See, e.g., Wilson (1995), Richter and Wellisch (1996) and Wellisch and Hulshorst (2000). Notice that Assumption 2 is a simplifying assumption which can be dropped without affecting any of the results of this paper. It would just require the interpretations to be adapted slightly, accounting for the fact that \(\tau ^L_i\) could be a subsidy.

The \(R_i/\mathcal {L}_i\) term in (35)—which can be written also as \(1-L_i/\mathcal {L}_i\)—simply recalls that from a budgetary perspective, broadening a tax base allows lowering of the related tax rate. However, this budgetary effect is of minor importance to this analysis.

Notice that \(\tau ^R_i\) and \(\tau ^L_i\) play a symmetric role from the local government’s viewpoint. Alternatively, \(\tau ^R_i\) can be used to clear the budget constraint and \(\tau ^L_i\) to internalize the net marginal fiscal cost of business land use \(\tau ^R_i-R_i|U_R^i|/U^i_x\). In this case, the level of \(\tau ^L_i\) is defined by (31) and the level of \(\tau ^R_i\) is obtained by inserting (31) into (35). This symmetry has important implications when the tax structure is constrained (Sect. 4.3).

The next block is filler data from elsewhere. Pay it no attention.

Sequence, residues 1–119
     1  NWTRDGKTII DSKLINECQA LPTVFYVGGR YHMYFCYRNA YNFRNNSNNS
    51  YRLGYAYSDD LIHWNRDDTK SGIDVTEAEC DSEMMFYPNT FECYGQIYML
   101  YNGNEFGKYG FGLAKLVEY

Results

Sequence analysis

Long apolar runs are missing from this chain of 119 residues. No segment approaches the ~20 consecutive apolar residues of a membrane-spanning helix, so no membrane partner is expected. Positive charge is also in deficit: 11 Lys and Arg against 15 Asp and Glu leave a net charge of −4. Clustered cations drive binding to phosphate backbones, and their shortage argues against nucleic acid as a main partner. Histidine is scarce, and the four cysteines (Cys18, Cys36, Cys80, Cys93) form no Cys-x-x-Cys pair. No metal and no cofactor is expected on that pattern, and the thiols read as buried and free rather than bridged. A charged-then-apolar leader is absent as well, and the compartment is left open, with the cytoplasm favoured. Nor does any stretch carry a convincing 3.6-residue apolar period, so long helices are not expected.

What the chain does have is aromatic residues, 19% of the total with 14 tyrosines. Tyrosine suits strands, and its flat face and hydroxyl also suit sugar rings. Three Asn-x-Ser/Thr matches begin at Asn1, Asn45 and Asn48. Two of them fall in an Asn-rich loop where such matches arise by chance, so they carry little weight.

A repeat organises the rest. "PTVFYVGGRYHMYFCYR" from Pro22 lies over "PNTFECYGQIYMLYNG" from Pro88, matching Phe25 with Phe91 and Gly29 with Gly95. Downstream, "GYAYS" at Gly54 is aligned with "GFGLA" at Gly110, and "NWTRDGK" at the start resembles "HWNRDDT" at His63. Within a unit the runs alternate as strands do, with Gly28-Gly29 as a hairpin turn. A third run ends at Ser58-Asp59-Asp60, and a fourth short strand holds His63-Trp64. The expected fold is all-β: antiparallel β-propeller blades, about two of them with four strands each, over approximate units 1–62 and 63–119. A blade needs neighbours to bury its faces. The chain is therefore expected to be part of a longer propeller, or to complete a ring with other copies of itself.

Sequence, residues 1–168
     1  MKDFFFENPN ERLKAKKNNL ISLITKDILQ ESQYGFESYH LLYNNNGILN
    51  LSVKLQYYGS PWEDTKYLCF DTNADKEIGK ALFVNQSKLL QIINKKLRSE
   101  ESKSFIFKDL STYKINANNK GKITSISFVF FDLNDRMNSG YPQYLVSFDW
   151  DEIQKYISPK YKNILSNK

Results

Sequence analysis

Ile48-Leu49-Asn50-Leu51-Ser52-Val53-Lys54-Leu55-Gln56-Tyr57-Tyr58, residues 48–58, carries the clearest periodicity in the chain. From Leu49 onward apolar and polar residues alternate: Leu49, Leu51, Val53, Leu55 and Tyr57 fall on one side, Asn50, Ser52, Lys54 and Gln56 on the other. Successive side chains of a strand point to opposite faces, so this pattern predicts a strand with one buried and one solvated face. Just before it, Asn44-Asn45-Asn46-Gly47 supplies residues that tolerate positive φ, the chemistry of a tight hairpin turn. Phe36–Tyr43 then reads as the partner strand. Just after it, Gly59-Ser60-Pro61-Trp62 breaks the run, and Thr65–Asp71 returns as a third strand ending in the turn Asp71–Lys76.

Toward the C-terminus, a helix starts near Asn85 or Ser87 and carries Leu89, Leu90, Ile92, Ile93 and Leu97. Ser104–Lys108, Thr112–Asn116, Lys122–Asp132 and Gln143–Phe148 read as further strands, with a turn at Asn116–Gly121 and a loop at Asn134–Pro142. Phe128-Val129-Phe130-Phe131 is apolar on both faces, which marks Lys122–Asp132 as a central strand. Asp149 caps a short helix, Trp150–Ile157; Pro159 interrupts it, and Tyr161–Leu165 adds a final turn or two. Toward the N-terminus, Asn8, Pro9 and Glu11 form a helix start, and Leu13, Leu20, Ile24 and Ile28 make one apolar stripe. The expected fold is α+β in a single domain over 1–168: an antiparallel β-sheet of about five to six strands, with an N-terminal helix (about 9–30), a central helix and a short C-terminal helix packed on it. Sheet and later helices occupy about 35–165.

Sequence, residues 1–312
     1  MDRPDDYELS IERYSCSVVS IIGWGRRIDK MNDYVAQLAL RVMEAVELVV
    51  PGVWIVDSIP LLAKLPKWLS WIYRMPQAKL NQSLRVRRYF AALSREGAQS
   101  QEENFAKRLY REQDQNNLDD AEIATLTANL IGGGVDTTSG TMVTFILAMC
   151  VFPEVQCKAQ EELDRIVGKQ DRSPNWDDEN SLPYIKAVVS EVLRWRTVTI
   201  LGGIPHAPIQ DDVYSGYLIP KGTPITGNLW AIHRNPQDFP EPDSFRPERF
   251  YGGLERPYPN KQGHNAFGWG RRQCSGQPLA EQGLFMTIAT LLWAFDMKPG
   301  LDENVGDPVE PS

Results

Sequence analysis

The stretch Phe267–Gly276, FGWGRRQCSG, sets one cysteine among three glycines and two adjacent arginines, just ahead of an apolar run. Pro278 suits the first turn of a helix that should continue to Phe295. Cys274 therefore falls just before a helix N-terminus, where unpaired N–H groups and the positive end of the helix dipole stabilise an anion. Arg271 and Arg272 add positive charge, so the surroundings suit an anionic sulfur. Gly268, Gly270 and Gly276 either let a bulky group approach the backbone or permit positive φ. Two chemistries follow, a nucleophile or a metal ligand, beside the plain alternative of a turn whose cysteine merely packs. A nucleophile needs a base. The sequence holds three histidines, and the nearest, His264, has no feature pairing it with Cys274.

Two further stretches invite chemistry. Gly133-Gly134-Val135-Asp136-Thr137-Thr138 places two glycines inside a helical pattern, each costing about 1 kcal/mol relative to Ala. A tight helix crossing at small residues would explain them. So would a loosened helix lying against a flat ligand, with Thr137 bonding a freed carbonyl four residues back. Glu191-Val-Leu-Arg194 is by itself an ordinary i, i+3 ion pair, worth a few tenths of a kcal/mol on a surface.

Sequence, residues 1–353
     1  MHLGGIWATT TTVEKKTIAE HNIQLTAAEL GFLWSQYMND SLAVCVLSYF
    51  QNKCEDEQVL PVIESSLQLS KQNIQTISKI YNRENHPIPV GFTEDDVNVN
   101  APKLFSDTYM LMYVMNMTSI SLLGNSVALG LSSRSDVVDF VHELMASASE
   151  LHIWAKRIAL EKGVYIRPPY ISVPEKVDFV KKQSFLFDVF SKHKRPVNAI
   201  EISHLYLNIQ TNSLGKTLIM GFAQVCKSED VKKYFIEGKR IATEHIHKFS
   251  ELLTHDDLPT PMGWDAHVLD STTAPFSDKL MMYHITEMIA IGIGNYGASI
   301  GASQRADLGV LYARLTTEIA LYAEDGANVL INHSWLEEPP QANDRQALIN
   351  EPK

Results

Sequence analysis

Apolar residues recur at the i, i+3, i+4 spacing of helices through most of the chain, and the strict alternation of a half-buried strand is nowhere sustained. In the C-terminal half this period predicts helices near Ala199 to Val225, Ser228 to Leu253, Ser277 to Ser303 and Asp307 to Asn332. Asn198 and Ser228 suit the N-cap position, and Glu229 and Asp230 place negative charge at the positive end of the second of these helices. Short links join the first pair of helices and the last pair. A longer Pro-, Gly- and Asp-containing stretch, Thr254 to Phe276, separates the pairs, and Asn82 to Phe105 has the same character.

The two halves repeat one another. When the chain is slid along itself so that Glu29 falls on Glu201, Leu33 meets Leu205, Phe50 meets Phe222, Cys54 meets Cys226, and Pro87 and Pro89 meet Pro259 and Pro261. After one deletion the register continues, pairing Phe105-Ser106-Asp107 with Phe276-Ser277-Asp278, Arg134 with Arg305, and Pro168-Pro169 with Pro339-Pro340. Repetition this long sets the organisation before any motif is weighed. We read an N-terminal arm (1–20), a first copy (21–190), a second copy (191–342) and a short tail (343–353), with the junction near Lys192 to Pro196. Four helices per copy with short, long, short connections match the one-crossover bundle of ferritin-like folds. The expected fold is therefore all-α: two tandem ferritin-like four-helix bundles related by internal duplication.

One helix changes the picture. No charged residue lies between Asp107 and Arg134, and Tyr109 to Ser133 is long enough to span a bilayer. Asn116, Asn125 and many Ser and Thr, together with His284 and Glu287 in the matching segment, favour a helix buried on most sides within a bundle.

Allowing workers to cause congestion would not change the results of this paper, provided that a local tax on labor is also introduced to allow local authorities to internalize this additional cost.

The conditions stated in Result 2 are essentially the same as the first-best results discussed in Wilson (1995) (section 3). However, Wilson’s results exclude two elements: (1) the marginal fiscal cost \(\tau ^L_i\) in (31); (2) condition (34) since his analysis focuses on local public goods. Result 2 can be seen also as an extension of the optimal behavioral rules in Wellisch and Hulshorst (2000) (section 2).

Household taxes also allow local governments to employ the business land tax so as to perform the efficient resource transfers (see footnote 32).

In the first-best setting (Sect. 4.2), only the allocation of local land between residents and firms was distorted by \(\tau ^L_i\). This distortion could be offset by the use of \(\tau ^R_i\). Here, \(\tau ^P_i\) also distorts the location of capital which leads to sub-efficiency. Indeed, \(\tau ^P_i\) does not enable local authorities to finance the provision of public services and achieve the resource transfers without distortion.

In this framework, a symmetric decentralized equilibrium is all the less likely since jurisdictions potentially have different initial land endowments \(\mathcal {L}_i\).